Spiders. Clowns. Darkness. Freddy Krueger. Whatever your fill-in-the-blank phobia or stressor might be, we all have a trigger that causes us to experience the emotion of fear.
And fear is just that: an emotion. It’s a powerful one, prompted by a perceived threat, and it triggers a primitive mental and physical response.
Halloween, of course, is the time of year when we celebrate our fears. But have you ever wondered what’s going on inside your body when you hear that unexplained bump in the night?
“Most changes are what you’d probably expect. Your heart rate goes up, your blood pressure goes up,” said Oklahoma Medical Research Foundation President Stephen Prescott, M.D. “Ultimately you get a little bit jittery, because your body has recognized danger and induces a blast of hormones. The most important one in the quick-response phase is adrenaline.”
Prescott, a physician and medical researcher, said this instantaneous reaction, often referred to as the fight-or-flight response, is aptly named. “It’s how our ancestors learned to avoid dangerous and deadly situations.” Other potential effects include hyperventilation, sweating, goosebumps, sleep disturbance and a long list of other issues.
In some cases, fear can be physically debilitating to the point where people become incapable of leaving their homes or can’t get out of bed. “Thankfully, these cases, which stem largely from psychological issues, tend to be treatable with a high level of effectiveness,” Prescott said.
Fear lessens in its physical impact as the body adapts to the initial rush through a process called tachyphylaxis, a decrease in response over time.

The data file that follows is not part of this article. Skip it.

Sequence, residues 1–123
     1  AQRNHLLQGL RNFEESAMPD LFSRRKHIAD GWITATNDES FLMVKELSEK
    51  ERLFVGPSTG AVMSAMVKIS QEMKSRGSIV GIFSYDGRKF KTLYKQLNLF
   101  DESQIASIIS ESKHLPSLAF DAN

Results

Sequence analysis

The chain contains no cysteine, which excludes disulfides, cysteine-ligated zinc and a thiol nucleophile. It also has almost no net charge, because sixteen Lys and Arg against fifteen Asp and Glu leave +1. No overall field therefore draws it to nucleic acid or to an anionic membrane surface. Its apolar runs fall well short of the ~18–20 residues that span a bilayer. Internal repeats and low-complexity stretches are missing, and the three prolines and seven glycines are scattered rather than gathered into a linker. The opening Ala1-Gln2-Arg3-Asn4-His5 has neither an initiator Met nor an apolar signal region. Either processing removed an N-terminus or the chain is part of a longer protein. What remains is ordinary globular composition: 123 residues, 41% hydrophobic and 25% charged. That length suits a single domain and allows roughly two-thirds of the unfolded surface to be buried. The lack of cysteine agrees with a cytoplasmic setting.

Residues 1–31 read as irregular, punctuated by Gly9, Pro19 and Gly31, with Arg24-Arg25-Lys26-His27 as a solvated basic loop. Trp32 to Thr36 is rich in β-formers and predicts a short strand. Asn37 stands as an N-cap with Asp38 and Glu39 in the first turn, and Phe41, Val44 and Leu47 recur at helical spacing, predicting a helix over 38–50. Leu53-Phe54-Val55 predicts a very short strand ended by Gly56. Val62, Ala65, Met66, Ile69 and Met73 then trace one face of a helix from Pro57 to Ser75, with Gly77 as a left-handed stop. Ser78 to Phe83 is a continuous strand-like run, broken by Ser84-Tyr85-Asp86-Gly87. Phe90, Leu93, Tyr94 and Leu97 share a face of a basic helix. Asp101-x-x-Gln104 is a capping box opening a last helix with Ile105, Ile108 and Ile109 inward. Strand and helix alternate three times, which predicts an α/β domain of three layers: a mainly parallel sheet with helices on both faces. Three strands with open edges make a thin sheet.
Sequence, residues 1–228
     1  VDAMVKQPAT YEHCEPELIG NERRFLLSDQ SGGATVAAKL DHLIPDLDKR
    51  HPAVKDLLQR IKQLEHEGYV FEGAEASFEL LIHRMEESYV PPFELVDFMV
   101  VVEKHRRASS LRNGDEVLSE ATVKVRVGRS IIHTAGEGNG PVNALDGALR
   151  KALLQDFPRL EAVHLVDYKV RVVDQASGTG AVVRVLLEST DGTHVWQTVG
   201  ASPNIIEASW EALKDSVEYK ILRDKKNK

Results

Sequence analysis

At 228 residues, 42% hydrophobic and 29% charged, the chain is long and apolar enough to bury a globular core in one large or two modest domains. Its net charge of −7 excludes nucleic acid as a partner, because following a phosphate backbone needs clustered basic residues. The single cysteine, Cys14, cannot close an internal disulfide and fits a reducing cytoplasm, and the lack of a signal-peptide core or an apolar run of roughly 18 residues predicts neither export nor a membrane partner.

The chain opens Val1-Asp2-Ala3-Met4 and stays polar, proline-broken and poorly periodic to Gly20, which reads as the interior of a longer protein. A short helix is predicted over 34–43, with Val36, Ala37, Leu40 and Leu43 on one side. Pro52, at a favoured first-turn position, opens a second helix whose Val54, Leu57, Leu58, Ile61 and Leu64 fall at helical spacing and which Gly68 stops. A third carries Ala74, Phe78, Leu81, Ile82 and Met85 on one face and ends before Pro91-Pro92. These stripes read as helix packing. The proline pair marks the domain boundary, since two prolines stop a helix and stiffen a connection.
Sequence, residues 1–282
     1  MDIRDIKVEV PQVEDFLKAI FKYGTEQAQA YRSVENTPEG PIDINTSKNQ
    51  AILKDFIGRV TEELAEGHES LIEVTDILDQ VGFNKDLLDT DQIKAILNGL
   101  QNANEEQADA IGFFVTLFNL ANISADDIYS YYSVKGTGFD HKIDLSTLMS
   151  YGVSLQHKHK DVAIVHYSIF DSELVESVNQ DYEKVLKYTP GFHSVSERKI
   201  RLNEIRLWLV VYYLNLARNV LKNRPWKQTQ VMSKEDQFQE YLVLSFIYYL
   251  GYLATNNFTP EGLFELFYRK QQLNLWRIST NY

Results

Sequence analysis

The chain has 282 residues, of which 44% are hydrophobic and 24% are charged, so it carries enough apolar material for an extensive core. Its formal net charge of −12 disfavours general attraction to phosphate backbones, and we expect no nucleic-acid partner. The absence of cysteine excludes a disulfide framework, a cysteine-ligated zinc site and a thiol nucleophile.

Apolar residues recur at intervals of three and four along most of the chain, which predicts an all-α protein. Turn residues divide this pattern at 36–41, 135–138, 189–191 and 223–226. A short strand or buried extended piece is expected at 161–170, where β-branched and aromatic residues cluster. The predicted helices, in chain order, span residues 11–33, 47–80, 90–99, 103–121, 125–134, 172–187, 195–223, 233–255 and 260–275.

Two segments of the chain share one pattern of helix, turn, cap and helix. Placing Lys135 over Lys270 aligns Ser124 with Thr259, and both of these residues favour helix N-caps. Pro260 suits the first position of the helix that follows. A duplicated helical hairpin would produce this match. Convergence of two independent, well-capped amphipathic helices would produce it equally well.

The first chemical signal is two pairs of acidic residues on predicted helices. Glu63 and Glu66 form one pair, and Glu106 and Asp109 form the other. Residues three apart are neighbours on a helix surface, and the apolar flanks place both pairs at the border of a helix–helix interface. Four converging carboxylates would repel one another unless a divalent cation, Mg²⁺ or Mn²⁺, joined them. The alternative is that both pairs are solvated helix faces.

It’s similar to the physical reaction to caffeine, which affects a lot of the same receptors in the body, said Prescott.
“Caffeine jazzes you up and raises your blood pressure, particularly if you’ve never had it before. Once you’re a regular coffee drinker, your body adapts and doesn’t respond to the same dose. The same general concept can apply to fear.”
A far less understood response occurs in people frequently exposed to dangerous or life-threatening situations, such as military combat. “They undergo a hormonal shift where they no longer perceive these situations as dramatically, and their bodies regulate to a certain degree,” said Prescott.
But what about the age-old question: Can a person be scared to death?
Certainly, it’s possible, said Prescott. But those most at risk probably have an underlying or undiagnosed health issue.
“If you already have heart disease or any coronary issues, a sudden or dramatic fearful experience could create enough stress on the heart to provoke a heart attack. So, yes, it can happen.”
But fear is unavoidable and important for our survival in some cases. It keeps us away from danger.
Some people even learn to crave the sensation. The popularity of scary movies, high-speed roller coasters and extreme sports proves it.
For Halloween lovers, Prescott has good news: “There’s no harm in a little fear for fun,” he said. “Grab some popcorn and watch a scary movie. When the creepy parts come, your body will do the rest. It’s programmed that way.”